“Once you label me you negate me.” ~Soren Kirkegaard.
Standing before the camera was an elderly woman holding a yellow star with some faint handwriting on it that I could not read. This woman, who was much older than I, stood before me on the screen, explaining that when she was a very young girl of 8 she wore this star upon her clothing so that all who saw her would know what she was: a Jew. She lived in the time of Hitler’s rule, a time when people were forced to wear labels. People lost their identities in their labels. Once you label me, you negate me. Kirkegaard was right.
If it weren’t for the labels on grocery items, we would have a lot of surprises at the dinner table. Without a label, I wouldn’t know how to use a product safely. If I want to choose clothing that is my size, it is more helpful to look at the labels than to try on 10 different pairs of slacks hoping to find something that fits. (Though I’ve done that on occasion even with labels) Things need labels so we know how to use them properly, so we know what they are, and so we know what ingredients are in them. Do people require labels, as well?
Many years ago I became very ill and underwent testing for a specific illness. My body showed all of the markers for a particular disease except for one, and because of that missing item I could not be diagnosed. That was so important to me because I knew if I were diagnosed I would be labeled– forever. No doctor would ever look at me without seeing the label on my file. In fact, I would come to see myself as the label. Labels are dangerous things, and we use them to define people when the only definition we actually need is to get to know a person.
There are many things I dislike about social media, but I really like that I can get to know people in a group based on whatever the common interest is that brought us there. I have learned through social media that when we get to know people through the types of things they write and the way they conduct themselves, we often know more about them than people who have met them once and placed a label upon them.
White, Black, Mexican, Asian, Gay, Phobic, Fat, Religious, Hippy, Loud, Quiet, Sleezy, Stuffy, Stupid, Brainy, one of ‘them’( whomever that might represent)…these are ways people label people, and while they are not words we might want to use, they are used more often than you might think.
How we treat people is largely based on the labels we’ve given them.
In this year of becoming a better person, I’ve learned the importance of listening more and complaining less, caring for others and for myself, and in all of the good that I know, even I find times that I jump to a conclusion about a person and find myself labeling them. Labels feel so permanent, and the truth is people change. That label you put on them today might not fit tomorrow.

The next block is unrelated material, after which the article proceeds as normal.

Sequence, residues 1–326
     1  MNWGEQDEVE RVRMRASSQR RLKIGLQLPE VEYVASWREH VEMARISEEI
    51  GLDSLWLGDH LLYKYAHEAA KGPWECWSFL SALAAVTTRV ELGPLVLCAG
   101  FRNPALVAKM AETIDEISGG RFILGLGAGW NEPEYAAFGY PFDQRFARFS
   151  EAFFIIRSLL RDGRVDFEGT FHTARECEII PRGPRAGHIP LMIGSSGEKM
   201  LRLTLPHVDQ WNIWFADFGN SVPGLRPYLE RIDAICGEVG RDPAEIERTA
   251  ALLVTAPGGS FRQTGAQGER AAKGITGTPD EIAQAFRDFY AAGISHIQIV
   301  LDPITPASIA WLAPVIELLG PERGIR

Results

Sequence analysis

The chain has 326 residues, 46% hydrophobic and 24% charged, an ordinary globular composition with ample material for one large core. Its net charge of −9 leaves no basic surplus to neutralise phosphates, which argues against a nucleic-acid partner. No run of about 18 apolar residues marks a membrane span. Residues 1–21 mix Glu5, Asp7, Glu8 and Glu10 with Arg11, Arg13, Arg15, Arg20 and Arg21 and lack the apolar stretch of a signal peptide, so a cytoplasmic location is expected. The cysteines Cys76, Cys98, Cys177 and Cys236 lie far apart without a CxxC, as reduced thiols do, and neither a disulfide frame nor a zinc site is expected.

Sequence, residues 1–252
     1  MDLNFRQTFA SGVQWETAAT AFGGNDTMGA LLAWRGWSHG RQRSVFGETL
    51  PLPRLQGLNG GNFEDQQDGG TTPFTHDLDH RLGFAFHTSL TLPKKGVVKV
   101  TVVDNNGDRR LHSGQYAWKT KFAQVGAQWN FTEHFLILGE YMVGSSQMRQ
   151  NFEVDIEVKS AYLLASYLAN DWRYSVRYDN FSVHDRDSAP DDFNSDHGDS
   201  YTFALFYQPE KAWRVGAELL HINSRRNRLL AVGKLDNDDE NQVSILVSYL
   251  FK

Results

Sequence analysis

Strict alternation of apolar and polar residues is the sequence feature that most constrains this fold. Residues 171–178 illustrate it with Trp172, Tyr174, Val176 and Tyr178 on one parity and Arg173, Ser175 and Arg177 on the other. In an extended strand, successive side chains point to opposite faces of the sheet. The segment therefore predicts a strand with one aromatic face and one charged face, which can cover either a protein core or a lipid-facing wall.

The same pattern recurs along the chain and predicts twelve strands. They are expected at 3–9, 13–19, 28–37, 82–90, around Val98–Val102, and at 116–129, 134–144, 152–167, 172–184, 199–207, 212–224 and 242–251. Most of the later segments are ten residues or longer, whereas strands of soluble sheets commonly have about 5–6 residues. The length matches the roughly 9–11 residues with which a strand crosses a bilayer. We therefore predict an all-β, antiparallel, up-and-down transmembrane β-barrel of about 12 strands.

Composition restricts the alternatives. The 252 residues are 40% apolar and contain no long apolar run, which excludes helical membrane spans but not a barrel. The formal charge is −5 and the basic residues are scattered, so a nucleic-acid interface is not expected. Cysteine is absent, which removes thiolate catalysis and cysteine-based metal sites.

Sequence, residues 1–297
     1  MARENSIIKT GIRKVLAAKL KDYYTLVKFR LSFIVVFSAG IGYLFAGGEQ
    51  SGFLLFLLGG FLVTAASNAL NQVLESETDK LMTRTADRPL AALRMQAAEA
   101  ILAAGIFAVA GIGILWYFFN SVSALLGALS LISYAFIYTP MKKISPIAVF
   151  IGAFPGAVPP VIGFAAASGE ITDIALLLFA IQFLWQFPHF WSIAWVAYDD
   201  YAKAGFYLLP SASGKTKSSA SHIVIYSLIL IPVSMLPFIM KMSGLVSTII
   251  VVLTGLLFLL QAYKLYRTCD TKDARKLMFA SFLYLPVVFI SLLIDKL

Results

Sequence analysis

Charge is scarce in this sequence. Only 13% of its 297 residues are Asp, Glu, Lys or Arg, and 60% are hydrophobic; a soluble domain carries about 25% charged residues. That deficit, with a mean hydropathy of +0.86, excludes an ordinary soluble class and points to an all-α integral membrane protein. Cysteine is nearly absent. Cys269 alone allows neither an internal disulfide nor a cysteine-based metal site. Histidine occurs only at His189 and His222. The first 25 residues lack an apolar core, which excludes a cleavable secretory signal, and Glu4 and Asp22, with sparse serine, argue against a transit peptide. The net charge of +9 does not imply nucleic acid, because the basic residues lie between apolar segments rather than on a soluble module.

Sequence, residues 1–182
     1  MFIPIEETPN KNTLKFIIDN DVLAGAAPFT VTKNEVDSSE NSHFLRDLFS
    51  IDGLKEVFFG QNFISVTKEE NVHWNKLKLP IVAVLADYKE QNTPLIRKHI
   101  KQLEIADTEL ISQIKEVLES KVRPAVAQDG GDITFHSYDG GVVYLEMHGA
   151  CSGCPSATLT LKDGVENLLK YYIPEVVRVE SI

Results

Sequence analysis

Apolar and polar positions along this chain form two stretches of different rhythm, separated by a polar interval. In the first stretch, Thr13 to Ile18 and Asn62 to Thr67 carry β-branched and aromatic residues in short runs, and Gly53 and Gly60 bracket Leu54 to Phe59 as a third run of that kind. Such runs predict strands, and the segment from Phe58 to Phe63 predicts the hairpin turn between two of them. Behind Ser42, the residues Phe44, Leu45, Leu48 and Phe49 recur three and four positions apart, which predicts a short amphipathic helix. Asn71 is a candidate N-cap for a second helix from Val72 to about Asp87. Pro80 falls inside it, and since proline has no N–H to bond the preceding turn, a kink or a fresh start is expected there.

I’m around a lot of people of different age groups, and the most constant group for being labeled is the teenagers, the younger generation. Oddly, I know people who are 60 years old today, but if you ask someone who has known them since they were kids, they’ll tell you what the person was like as a teenager: “Oh, Bill, he’s a great guy today, but he sure gave his parents a run for their money when he was a kid–talk about a wild kid!” “Oh, Mary, she’s a great lady, but when she was growing up she sure had a reputation for being free and easy.” I’m not making these things up. These are the things I hear people say, having labeled adults when they were mere children trying to figure out life; keeping them in a different group, always a step away from the person telling the story. Labels negate people.
Look around at the kids you see, the ones who are struggling to figure out life….don’t label them, reach out to them and offer some encouragement.
Look at the people who are different than you in religious or political beliefs….don’t label them, reach out to have a conversation with them.
Look around at the people who drive cars that are nicer than yours or junkier than yours…don’t label them as certain kinds of people, reach out to them and get to know them as more than a type of vehicle.
People have been labeled for more years than you and I have been alive. If they look a certain way, dress a certain way, talk a certain way, we tend to put a big label on them for the rest of the world to see–negating them as people.
That lady in the video wore a star upon her clothing when she was a girl of only 8. She lived in a concentration camp in Germany because she had been labeled, not as a young girl with a beautiful smile and great dreams, but as a Jew. Just like that, she was labeled and removed from the rest of society.
What if that is how you lived for a day—removing everyone with labels: Grumpy old men go over there, nosy women over there, whiny kids way over there, people who think we should have him (or her) for President need to be over there, and all of those people who wear baggy pants can go over there. Pretty soon, you’ve labeled everyone. Of course, someone has labeled you.
As you and I seek to be better people, let’s be mindful of how we want to label people and then stop short. Let’s take some time to get to know people and hope they will do the same for us because once we label, we negate.